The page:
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Three Common Options To Contest a Circuit Court's Ruling

Judges and jurors have a tough job. Both are called upon to sift through a great deal of testimony and evidence and then issue potentially life-changing decisions. However, sometimes the judge or jury simply makes the wrong decision. For those of you who find yourself on the wrong side of a circuit court’s decision, the law provides you options to contest the ruling and perhaps get a second chance to obtain a ruling in your favor. The following are three common options to contest a trial court’s ruling; but first, a brief explanation about the structure of the judicial system is in order.


There are three levels of court in the Wisconsin court system. First, there are circuit courts which are organized by county. Circuit court is where most cases are first heard—civil or criminal. Second, there is the Wisconsin Court of Appeals. The court of appeals is broken down into four districts across the state. The court of appeals reviews the decisions of the circuit courts. Finally, there is the Wisconsin Supreme Court. The supreme court is the final authority on Wisconsin law. In most instances, the Supreme Court reviews decisions from the Court of Appeals. More information on the Wisconsin court system can be found here: https://www.wicourts.gov/courts/overview/overview.htm


Options to Contest a Ruling

Option 1 – Appeal

 An appeal is a claim of error made to the Wisconsin Court of Appeals. There are slight variations as to the nature of an appeal, but, for most issues, citizens are entitled to appeal “as of right.” “Final orders or judgements of the circuit court may be appealed as of right.” Wis. Stat. § 802.03(1). A final order or judgment is essentially the circuit court’s ruling, which you believe is incorrect. Most often, a person has forty-five (45) days to initiate an appeal, but under certain circumstances, a person may have up to ninety (90) days to appeal. If you are thinking about making an appeal, you should contact your attorney to determine your time limit for appealing—you may lose your right to appeal if you miss the deadline. 


Option 2 – Motion for Reconsideration

When you make a motion to reconsider, you are asking the same circuit court to reconsider the evidence and applicable law, and then decide whether a new ruling is appropriate. Under Wis. Stat. § 805.17(3), a motion for reconsideration must be made “no later than twenty (20) days after entry of judgment.” If you are thinking that asking the circuit court to change its mind is pointless, there is no clear answer to indicate whether you are correct. Pursuing a motion for reconsideration is a tactical choice that your attorney may deem appropriate for several reasons. However, you should not automatically rule out a motion for reconsideration; they can, and do, work. Even if you decide to pursue reconsideration, you still have the option to appeal after the court makes it decision on the motion. The deadlines for initiating an appeal after a motion for reconsideration can vary, and you should discuss these deadlines with your attorney.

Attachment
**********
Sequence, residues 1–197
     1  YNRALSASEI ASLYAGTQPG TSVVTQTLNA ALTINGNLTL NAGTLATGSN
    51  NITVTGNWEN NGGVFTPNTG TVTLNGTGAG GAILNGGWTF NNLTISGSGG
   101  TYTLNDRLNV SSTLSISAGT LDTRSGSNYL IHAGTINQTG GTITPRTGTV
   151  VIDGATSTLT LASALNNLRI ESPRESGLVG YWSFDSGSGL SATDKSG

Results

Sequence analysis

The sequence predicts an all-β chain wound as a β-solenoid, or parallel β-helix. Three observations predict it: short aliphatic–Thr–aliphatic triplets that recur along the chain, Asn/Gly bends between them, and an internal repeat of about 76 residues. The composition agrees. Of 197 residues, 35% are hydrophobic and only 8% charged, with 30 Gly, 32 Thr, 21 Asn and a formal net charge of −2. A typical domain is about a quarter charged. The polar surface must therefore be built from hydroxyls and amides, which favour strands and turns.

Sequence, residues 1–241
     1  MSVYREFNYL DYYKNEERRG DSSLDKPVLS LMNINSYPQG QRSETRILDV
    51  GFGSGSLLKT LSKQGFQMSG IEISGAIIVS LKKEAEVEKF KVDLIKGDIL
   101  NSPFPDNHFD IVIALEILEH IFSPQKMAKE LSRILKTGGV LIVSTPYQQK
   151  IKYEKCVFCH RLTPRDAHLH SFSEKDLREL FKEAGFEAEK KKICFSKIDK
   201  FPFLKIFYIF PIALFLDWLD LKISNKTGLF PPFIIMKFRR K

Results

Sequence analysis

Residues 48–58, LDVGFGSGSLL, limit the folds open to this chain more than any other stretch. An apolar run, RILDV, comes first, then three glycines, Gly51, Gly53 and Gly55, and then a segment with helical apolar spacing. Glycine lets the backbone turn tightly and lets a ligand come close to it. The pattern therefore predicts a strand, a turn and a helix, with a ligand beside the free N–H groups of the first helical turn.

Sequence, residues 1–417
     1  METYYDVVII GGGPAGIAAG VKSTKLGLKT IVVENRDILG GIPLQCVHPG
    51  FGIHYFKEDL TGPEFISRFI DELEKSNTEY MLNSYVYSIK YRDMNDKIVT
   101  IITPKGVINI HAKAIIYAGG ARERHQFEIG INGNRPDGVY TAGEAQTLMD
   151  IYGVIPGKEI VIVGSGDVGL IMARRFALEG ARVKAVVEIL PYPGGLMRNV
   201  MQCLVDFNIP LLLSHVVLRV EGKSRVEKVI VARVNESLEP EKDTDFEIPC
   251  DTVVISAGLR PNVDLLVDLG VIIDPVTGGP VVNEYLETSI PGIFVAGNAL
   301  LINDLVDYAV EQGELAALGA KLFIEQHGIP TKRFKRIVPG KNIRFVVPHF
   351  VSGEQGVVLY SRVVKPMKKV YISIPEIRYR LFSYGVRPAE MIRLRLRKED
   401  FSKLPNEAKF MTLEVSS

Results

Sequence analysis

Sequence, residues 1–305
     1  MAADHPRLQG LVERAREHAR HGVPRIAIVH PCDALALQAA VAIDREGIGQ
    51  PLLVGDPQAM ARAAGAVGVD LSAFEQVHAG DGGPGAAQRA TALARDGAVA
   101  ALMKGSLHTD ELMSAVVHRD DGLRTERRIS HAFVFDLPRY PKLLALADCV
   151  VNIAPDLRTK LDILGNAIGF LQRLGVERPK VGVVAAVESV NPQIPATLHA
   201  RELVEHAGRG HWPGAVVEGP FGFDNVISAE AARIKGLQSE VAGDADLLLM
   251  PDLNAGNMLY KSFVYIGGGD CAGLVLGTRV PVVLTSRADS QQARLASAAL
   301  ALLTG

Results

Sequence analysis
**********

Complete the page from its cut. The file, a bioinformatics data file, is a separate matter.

Option 3 – Motion For A New Trial

Sometimes, you can ask the circuit court for a “do-over.” Under Wis. Stat. § 805.15, a party may move to set aside a verdict and seek a new trial for the following reasons:

  1. There were errors in the trial;

  2. The verdict was contrary to law or to the weight of evidence;

  3. Damages were inadequate or excessive;

  4. There is newly-discovered evidence; or

  5. The interest of justice so requires.

Asking for a new trial may sound ideal when compared to the other options. However, there are many elements to consider when pursing this motion, chiefly the significant expense. If you wish to file a motion for a new trial, you must initiate that motion within twenty (20) days after the verdict is rendered. Wis. Stat. § 805.16. As always, you should discuss this option with your attorney.


Final Thoughts

There are many things to think about when you are not happy with the outcome of your trial. The first choice of whether to challenge the ruling is yours alone. The remainder of considerations, however, can quickly become confusing and may impact your chances of success depending on which option you choose. If you truly are not happy with the outcome of your trial, take the time to contact an attorney. Many attorneys are happy to discuss options with you at no cost. Our attorneys at Levine Eisberner LLC are experienced in representing clients in any of the three options listed above. We are happy to discuss your case and present you options in moving forward.